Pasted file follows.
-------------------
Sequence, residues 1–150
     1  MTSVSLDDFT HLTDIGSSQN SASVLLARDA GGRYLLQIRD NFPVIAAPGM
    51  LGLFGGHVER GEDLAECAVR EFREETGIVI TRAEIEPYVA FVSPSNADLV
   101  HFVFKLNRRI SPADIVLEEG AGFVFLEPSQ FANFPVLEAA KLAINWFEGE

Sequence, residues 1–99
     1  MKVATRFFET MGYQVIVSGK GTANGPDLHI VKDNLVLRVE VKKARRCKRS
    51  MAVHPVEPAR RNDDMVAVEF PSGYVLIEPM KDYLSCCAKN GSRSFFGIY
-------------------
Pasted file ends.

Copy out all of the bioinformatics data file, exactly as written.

Sequence, residues 1–150
     1  MTSVSLDDFT HLTDIGSSQN SASVLLARDA GGRYLLQIRD NFPVIAAPGM
    51  LGLFGGHVER GEDLAECAVR EFREETGIVI TRAEIEPYVA FVSPSNADLV
   101  HFVFKLNRRI SPADIVLEEG AGFVFLEPSQ FANFPVLEAA KLAINWFEGE

Sequence, residues 1–99
     1  MKVATRFFET MGYQVIVSGK GTANGPDLHI VKDNLVLRVE VKKARRCKRS
    51  MAVHPVEPAR RNDDMVAVEF PSGYVLIEPM KDYLSCCAKN GSRSFFGIY